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US crude oil inventory builds likely extend amid weak refinery demand


US crude stocks expected up 900,000 barrels

Refinery runs expected below December levels

Gasoline stocks expected up 1.4 million barrels

  • Author
  • Chris van Moessner
  • Editor
  • Richard Rubin
  • Commodity
  • Oil

Counter-seasonal US crude oil inventory builds likely extended in the week to Jan. 13 amid continued weak refinery demand, analysts surveyed by S&P Global Commodity Insights said Jan. 17.

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US commercial crude stocks likely climbed 900,000 barrels to around 440.5 million barrels over the period, analysts said. The build would put inventories 1.1% above the five-year average of US Energy Information Administration data, opening the widest surplus since April 2021.

Continued weak refinery demand likely contributed to the counter seasonal build. Total refinery utilization is expected to have climbed 2.8 percentage points during the week to average around 86.9% of capacity. At that level runs would be more than 3% behind average for this time of year and down 5.1 percentage points from mid-December, ahead of a severe cold snap that impacted a combined 6 million b/d of distillation capacity at over 20 facilities.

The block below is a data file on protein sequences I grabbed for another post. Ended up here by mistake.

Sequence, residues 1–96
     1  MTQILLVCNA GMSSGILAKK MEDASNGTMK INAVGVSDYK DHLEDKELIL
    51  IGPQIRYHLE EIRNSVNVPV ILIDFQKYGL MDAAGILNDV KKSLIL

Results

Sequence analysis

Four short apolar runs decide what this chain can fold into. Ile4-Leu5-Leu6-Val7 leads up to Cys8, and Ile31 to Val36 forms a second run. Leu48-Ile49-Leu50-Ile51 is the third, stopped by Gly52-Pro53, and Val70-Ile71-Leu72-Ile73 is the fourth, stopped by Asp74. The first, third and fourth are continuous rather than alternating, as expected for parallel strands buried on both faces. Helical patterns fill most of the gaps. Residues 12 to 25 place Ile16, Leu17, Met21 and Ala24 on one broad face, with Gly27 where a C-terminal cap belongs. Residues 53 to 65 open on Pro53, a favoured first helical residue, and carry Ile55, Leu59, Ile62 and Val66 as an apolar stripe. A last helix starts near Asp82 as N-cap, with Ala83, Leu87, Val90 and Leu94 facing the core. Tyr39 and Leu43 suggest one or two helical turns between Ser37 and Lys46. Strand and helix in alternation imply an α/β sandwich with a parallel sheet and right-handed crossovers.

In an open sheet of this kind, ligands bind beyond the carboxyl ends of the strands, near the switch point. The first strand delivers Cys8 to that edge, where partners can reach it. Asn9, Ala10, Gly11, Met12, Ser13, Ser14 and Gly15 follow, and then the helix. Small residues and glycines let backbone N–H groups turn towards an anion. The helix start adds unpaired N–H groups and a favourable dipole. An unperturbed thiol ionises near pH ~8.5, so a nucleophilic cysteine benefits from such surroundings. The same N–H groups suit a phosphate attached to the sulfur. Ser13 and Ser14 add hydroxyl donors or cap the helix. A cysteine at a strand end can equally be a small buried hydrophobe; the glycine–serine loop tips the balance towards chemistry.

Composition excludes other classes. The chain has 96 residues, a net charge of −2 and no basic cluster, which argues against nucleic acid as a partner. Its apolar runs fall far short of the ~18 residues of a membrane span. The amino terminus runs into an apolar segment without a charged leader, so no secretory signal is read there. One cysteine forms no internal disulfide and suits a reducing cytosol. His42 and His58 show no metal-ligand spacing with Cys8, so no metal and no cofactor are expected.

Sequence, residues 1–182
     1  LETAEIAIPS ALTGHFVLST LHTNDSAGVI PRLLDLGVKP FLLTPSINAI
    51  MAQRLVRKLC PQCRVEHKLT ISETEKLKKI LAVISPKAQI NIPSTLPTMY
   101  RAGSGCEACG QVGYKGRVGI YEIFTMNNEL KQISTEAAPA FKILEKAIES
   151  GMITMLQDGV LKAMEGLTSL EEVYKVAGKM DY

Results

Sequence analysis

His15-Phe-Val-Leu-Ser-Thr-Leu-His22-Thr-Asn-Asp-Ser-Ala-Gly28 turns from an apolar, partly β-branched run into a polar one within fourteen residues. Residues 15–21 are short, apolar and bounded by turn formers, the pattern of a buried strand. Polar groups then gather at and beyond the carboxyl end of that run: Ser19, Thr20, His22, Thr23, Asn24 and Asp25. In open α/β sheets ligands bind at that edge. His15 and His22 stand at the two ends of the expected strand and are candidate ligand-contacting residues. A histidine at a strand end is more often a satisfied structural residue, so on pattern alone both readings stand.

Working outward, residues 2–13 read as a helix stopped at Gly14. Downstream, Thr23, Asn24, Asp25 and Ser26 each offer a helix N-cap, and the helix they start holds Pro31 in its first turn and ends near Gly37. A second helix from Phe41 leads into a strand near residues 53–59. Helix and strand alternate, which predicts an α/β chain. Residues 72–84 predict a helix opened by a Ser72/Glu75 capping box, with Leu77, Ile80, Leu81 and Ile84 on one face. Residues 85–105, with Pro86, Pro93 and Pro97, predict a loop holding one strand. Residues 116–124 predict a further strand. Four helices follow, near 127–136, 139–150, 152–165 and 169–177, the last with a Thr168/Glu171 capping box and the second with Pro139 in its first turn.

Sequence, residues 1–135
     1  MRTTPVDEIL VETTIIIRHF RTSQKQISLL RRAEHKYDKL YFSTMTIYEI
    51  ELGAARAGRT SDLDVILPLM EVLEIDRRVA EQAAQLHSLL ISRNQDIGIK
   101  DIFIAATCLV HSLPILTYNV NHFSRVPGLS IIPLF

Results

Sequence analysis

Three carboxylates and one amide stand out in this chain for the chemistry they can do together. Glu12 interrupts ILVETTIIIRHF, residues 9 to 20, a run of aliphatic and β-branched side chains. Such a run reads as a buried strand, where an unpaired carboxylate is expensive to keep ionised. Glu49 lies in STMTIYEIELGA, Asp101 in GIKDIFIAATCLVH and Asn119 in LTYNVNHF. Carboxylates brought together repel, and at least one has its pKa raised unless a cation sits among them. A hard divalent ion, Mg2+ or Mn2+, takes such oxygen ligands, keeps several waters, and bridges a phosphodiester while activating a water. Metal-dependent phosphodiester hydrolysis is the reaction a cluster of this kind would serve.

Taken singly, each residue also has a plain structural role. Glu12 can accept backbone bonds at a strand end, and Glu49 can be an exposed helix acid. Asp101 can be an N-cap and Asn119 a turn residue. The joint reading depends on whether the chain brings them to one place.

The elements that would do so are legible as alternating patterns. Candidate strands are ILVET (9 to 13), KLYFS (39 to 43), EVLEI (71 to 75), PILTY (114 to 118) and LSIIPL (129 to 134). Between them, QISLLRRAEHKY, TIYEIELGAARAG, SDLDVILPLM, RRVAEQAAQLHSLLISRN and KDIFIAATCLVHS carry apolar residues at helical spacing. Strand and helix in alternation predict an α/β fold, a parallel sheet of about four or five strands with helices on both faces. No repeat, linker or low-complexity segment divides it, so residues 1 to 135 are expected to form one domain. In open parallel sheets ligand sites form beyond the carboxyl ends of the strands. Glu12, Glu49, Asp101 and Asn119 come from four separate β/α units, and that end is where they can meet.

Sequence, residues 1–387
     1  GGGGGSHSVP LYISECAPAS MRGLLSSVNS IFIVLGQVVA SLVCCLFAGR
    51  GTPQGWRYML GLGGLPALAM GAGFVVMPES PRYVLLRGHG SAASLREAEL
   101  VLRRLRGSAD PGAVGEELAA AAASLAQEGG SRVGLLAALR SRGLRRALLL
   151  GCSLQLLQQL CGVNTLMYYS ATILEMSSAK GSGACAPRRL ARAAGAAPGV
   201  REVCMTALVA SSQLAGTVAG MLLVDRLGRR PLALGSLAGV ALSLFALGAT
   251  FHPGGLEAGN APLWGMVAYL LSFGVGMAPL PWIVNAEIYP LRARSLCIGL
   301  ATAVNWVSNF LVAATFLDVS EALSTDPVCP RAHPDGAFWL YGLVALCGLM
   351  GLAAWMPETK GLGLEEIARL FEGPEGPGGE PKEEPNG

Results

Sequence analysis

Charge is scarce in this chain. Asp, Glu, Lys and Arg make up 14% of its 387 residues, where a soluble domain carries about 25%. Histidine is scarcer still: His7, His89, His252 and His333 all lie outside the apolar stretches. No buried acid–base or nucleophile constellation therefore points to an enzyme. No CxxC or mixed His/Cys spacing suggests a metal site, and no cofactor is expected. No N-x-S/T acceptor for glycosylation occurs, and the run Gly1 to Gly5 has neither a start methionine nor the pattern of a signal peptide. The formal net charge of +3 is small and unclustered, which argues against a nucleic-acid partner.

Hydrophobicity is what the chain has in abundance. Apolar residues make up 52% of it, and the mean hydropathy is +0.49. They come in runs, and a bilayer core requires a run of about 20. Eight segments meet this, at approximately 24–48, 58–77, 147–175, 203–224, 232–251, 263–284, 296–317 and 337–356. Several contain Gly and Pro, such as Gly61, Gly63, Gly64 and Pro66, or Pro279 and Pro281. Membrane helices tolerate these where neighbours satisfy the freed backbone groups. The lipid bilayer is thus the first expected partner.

Total refinery net crude inputs, meanwhile, are forecast by S&P Global Commodity Insights to have averaged around 15.6 million b/d in the week to Jan. 13, holding around 4% below normal for this time of year.

While most of the December outages have been restored, a handful of plants were still dealing with lingering impacts from the deep freeze. Marathon Petroleum's 593,000 b/d refinery in Galveston Bay was still running at "minimal rates" as of Jan. 10, and the operator was considering moving up a major planned turnaround due to the already reduced run rates.

Meanwhile, Midwest refiners were working to restore run rates following a long spell of rain and winter storms.

Weeks of reduced refinery runs have added headwinds to refined product output. Total gasoline stocks are expected to have climbed 1.4 million barrels in the week to Jun. 13, but that build would leave them 8.6% behind the five-year average, out from 7.8% the week prior and the widest deficit since late June.

Widespread refinery outages would have likely resulted in even tighter gasoline stocks if not for a precipitous decline in demand. Total product supplied for gasoline, the EIA's proxy for demand, moved sharply lower following the Christmas holiday and has averaged around 9% below normal for the past two weeks.

Nationwide distillate stocks likely dipped 500,000 barrels to around 117.2 million barrels, analysts said.